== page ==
Returning to the colour’s relevance for 2022, I still feel unresolved. Ethereal and liminal, this tone that resists classification so strongly appears an odd choice. But it is, I think, an astute pick, though for a rather different reason than they provide.

“It is more symbolic of the constant uncertainty we now feel permeating our everyday lives”

Pantone aligns the ambiguity of the colour with creativity, inventiveness, and change – it is an unabashed, unrestrained signal of artistic imagination. For me though, it is more symbolic of the constant uncertainty we now feel permeating our everyday lives. We’re heading into year three of a pandemic, among ever-increasing political disunity and dissatisfaction, not to mention the looming possibility of economic turmoil and the ever-present spectre of the climate crisis. And what is more, little progress seems to have been made on fighting these burgeoning anxieties with any great urgency – I find no little irony in the fact that purple is directly opposed to yellow, one of 2021’s Colours of the Year, on the colour wheel. Given recent experience, the oncoming year does not feel like it will bring us the reversal of fortunes that the symbolism might suggest.

It seems to me that Pantone has struck gold almost by accident, conjuring a colour that exists in a confusing oscillation between blue and purple and is therefore perfect for a world in which it feels less and less easy to be totally certain of anything. And it seems we might not be the only ones feeling like a status quo has been permanently disrupted.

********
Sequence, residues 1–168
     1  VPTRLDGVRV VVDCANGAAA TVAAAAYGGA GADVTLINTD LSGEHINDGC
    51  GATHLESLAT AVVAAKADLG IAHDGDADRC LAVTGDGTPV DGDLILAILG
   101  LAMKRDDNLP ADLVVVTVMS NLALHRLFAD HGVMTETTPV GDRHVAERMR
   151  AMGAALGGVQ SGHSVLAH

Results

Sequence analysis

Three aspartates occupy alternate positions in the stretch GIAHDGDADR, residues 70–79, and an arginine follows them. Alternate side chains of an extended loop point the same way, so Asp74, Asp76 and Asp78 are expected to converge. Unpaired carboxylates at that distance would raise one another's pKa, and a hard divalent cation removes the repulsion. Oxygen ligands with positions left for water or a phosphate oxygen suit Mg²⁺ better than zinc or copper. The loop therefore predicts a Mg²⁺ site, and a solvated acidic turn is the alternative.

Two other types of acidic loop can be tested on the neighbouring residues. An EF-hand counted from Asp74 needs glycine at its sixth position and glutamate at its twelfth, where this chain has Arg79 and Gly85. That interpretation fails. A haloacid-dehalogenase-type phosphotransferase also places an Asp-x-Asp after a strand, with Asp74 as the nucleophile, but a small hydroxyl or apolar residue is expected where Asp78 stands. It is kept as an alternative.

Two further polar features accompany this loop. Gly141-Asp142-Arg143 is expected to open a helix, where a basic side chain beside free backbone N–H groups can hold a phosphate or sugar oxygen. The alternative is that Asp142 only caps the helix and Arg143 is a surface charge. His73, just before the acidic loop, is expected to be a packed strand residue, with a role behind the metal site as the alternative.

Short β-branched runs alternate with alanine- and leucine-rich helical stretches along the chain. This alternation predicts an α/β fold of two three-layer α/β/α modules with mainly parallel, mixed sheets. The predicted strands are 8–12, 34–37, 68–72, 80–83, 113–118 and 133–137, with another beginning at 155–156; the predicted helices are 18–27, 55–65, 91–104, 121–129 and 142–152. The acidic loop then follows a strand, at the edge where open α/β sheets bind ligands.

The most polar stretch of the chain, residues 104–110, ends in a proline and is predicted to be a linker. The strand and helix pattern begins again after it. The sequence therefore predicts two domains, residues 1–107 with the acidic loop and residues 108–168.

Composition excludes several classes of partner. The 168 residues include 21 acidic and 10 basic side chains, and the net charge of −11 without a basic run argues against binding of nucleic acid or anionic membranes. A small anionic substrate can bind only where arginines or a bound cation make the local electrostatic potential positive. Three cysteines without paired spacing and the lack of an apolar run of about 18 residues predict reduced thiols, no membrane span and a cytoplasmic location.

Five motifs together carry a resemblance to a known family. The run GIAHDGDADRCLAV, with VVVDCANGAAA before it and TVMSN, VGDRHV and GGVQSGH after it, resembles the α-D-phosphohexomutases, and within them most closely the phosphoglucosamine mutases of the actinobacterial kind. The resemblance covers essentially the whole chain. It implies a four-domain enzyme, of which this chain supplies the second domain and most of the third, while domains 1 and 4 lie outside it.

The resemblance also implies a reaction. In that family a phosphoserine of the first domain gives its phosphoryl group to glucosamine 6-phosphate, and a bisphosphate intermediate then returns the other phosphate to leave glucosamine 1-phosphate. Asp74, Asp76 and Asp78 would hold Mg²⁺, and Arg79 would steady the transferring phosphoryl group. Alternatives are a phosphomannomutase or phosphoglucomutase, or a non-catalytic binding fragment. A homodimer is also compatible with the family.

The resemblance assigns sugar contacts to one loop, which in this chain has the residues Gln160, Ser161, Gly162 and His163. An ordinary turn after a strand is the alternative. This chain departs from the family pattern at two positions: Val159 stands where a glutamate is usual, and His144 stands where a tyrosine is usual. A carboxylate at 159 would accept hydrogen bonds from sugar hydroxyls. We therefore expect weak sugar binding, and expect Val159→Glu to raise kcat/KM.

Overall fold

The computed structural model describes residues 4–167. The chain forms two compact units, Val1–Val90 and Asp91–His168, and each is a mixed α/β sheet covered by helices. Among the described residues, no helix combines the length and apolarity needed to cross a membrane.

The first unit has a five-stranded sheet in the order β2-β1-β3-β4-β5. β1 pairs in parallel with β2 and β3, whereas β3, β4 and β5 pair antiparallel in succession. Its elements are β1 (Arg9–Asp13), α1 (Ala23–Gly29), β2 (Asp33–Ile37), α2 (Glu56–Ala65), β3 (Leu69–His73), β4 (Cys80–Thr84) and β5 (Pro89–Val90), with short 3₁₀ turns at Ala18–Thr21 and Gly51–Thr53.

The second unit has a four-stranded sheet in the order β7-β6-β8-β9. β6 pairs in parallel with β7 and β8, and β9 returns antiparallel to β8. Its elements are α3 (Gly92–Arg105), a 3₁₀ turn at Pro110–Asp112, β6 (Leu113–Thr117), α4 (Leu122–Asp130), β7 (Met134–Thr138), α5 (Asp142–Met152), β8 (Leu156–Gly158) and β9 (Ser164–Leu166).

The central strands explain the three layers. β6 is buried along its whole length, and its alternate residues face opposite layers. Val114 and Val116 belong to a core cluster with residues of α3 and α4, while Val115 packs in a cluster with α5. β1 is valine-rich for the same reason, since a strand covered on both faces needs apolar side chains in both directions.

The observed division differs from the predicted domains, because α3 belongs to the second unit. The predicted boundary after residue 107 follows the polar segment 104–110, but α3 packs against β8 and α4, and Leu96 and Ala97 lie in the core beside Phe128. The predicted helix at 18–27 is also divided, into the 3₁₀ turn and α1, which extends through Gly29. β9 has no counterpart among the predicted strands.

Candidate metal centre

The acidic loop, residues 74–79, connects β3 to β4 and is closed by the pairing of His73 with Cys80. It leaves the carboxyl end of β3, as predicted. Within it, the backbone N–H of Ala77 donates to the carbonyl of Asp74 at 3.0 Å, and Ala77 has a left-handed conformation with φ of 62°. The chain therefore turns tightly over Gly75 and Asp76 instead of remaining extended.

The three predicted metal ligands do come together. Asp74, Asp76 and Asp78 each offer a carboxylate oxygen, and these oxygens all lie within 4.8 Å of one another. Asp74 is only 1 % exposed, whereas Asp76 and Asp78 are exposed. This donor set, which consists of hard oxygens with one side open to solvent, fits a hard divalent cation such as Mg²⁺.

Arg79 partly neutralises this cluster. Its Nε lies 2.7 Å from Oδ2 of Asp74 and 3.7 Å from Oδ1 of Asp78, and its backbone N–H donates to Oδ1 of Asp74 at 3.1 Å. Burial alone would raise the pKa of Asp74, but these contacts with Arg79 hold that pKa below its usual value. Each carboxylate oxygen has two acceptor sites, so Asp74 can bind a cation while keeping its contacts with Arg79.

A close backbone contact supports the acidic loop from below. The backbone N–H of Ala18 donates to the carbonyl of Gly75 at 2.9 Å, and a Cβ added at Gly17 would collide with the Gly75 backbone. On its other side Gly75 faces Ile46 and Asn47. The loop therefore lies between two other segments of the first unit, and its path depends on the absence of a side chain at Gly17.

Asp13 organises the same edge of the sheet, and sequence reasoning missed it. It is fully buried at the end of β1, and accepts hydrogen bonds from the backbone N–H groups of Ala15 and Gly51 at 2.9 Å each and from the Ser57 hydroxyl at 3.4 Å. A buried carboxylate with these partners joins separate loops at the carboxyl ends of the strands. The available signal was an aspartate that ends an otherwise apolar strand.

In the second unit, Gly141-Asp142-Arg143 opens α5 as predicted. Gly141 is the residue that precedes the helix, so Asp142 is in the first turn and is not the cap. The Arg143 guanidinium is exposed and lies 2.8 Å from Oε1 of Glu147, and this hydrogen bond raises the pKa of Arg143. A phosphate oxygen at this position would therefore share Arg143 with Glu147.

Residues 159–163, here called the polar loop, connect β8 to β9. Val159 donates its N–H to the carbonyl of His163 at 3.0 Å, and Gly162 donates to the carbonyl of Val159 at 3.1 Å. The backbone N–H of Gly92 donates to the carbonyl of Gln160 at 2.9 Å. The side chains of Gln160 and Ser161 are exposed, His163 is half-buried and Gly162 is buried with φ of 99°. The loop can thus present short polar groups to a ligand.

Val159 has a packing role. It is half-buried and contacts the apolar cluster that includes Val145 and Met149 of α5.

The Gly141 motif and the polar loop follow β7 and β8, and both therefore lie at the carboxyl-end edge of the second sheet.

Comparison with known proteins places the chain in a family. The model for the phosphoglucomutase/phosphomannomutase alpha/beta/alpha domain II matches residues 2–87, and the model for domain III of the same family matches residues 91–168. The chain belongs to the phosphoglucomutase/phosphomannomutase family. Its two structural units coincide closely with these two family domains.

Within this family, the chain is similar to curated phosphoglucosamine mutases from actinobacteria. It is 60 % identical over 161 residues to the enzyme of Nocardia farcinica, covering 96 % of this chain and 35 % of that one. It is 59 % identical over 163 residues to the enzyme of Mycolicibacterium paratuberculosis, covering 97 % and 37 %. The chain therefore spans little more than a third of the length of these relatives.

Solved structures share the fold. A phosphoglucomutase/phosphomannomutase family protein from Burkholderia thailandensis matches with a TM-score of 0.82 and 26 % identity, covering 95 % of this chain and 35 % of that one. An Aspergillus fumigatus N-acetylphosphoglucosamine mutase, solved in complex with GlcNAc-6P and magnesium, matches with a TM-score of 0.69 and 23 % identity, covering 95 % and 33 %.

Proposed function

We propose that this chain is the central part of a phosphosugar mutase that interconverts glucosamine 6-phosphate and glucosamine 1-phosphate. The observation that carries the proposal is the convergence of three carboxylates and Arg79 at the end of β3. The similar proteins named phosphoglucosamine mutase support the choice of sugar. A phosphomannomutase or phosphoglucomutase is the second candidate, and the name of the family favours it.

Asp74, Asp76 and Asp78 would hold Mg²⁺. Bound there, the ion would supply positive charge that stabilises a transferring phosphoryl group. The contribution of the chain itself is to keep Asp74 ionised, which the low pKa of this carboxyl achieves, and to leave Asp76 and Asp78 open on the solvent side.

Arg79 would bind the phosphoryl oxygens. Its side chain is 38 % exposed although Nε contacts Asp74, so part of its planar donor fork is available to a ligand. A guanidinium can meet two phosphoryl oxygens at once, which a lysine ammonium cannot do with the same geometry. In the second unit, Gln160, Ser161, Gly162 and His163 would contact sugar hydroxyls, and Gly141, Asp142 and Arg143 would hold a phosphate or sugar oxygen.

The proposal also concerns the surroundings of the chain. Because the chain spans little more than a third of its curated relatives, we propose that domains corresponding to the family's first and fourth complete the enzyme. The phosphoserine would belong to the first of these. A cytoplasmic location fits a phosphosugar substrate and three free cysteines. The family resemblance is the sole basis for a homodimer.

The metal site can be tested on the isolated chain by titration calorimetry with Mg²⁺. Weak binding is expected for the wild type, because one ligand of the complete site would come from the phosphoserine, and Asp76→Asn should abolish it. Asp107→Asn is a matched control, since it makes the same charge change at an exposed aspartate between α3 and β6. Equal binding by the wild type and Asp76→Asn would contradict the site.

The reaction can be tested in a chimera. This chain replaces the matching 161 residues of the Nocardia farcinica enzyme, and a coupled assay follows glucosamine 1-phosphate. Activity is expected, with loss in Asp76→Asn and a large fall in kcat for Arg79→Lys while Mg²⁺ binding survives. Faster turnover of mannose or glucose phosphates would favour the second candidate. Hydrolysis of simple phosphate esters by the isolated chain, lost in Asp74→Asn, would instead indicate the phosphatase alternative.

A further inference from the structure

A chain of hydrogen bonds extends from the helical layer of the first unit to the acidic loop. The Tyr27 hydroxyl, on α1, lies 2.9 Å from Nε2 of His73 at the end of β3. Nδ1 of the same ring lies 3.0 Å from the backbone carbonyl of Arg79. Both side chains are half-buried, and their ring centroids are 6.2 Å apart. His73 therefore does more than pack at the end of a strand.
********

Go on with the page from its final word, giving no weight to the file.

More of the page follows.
Mountain View

“A view from Zagreb: Op Art and Kinetic Art” in the Tate Modern

All the stops have been pulled out for this particular colour of the year – the mixing of a new colour for the first time – and last year’s pick came with a novelty edge too as two colours were chosen simultaneously, which had only previously happened in 2016. Perhaps Pantone is realising that in a post-pandemic world they are losing some of the cultural colour hegemony that they used to enjoy. After all, these moves feel like marketing techniques designed to prove Pantone’s adaptability and relevance.

The last two years have seen a serious cultural shift, with previously reliable cultural pillars being forced to adapt to new circumstances. Film releases have quite possibly changed forever, and the future of in-person fashion weeks remains unsure. Simultaneously, the nature of trends themselves has shifted, as they either shrink to the length of one swipe on a For You page, or cease entirely as fewer people engage with them in an attempt to eschew the conspicuous consumption they implicitly encourage.

Trend reporting remains a variable business, sometimes attracting both ire and fascination. Perhaps Pantone is right to feel slightly out-of-step with the cultural zeitgeist, but much like Very Peri, even that seems uncertain.